Athina Kazolea was born in Athens, Greece. She has been living and working in Athens as a director for Greece's national television network and as a freelance photographer. She studied French philosophy at the University of Athens and directing in Paris at Essec Institute.
Many of the projects that she worked on have taken her to a vast number of destinations, including Ethiopia, Palestine, Turkey, Tibet, Cuba, Yemen, Israel, Morocco and India. In 2000, she joined Doctors Without Borders as a photojournalist in missions in Palestine and Tibet. She has also worked with the Greek organizational branch of UNHCR, photographing Iraqi refugees in Damascus, Syria.
During 2005-2006 she worked as a photo editor for Passport magazine, included as a special travel publication of Greek newspaper Kathimerini.
Since 1990, a large number of her work has gotten published in some of the most noteworthy and popular Greek newspapers and magazines (Passport, Kathimerini's "K", Marie Claire, Cinema, Difono, Metro, Ena, Ta Nea, Tahidromos etc).
She has collaborated with major music publishers Minos EMI, Universal, Lyra and worked as a movie set photographer for films and television shows.
Also she has participated in a great number of group exhibitions.
Her works belong to private collections and some are also part of the collection of the Museum of Photography, Thessaloniki.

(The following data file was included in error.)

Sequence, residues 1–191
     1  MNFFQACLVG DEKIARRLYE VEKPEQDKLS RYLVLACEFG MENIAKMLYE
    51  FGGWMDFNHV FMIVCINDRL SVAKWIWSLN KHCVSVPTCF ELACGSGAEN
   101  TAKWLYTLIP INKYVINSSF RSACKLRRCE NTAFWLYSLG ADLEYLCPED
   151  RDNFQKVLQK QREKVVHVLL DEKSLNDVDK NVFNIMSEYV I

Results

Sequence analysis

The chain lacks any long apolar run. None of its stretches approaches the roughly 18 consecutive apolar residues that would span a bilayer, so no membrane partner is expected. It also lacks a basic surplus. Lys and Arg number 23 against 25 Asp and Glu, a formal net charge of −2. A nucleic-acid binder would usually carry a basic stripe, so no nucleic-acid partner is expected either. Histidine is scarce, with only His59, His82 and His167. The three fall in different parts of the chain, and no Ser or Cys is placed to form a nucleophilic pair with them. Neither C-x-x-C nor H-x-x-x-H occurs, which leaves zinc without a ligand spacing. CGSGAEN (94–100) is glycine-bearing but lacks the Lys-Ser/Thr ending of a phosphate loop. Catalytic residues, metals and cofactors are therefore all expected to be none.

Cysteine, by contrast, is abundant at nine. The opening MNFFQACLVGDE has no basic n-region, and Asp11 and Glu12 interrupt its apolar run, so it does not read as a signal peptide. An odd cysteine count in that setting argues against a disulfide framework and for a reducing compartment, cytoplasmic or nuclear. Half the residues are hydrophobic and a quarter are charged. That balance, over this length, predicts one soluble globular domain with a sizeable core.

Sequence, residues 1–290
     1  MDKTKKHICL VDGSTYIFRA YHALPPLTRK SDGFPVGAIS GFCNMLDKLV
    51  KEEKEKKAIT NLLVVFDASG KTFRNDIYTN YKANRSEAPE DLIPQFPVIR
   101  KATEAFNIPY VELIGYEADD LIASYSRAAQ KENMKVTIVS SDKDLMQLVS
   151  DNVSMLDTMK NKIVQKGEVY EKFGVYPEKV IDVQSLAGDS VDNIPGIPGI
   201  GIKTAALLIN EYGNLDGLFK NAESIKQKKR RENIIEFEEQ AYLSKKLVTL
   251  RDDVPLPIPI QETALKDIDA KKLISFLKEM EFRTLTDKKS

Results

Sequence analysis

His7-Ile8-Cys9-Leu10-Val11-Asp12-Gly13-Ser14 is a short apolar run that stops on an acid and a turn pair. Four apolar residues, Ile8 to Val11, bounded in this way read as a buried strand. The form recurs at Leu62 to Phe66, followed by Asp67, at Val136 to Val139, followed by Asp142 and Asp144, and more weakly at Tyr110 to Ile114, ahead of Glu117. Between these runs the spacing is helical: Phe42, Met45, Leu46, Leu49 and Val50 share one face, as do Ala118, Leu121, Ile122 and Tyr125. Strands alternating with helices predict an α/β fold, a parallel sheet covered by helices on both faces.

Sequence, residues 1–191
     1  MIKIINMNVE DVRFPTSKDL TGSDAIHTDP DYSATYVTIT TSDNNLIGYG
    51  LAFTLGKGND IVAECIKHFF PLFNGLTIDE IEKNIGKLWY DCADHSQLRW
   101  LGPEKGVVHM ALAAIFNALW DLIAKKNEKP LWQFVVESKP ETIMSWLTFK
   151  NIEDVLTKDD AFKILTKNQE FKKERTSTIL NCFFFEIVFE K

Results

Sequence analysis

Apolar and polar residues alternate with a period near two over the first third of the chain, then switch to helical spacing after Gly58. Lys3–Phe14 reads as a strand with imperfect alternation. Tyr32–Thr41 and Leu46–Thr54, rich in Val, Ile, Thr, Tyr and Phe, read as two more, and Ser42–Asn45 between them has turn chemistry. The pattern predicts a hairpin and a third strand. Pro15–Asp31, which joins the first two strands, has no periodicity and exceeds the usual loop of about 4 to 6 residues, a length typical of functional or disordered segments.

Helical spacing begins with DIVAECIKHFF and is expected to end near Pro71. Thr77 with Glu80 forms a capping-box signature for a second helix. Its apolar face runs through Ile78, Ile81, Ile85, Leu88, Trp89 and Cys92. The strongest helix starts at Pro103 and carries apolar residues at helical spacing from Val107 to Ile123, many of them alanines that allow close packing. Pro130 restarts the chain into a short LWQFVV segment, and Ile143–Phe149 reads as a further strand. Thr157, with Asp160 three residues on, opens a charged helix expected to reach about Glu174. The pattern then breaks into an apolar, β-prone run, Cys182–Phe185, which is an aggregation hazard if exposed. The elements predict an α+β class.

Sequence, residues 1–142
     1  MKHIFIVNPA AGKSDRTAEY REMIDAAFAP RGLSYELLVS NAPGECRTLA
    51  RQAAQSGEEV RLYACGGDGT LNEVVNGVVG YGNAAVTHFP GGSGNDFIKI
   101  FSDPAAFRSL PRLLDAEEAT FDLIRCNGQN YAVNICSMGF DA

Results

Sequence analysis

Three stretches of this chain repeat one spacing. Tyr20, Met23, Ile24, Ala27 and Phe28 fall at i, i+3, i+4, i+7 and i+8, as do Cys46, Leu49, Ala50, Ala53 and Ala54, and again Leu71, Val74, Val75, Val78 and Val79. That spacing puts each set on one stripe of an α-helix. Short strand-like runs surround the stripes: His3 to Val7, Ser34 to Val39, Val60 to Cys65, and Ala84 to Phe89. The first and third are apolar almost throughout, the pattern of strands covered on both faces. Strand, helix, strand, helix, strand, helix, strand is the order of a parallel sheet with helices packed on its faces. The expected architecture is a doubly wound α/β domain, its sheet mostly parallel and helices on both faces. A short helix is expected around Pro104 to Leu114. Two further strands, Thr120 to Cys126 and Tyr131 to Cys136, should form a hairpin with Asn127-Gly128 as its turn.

Museum of Photography, Thessaloniki Oriented and Disoriented in the Middle East
“Children lose nothing”, Gallery Some/thing Secret, Paris, France.
“Who we are”, Gallery LightRoom, Athens, Greece.
“20 years” doctor without border, Athens, Greece.
UNHCR "World refugee day 2008", Archeological Museum, Thessaloniki, Greece.
UNHCR "World refugee day 2008", Gazi, Athens, Greece.
- "Catch the light" Cultural Olympiad, Athens, Greece.
- Building Wraps and Building Banners "Athens Faces" Route.
Participation in a book dedicated to the Special Olympics.
Published portraits photographs in "Zoom on Greece", Heartmatters.
Participation in a book something magazine.
Participation in a book "Zoom on Greece" dedicated to the Special Olympics. Heartmatters.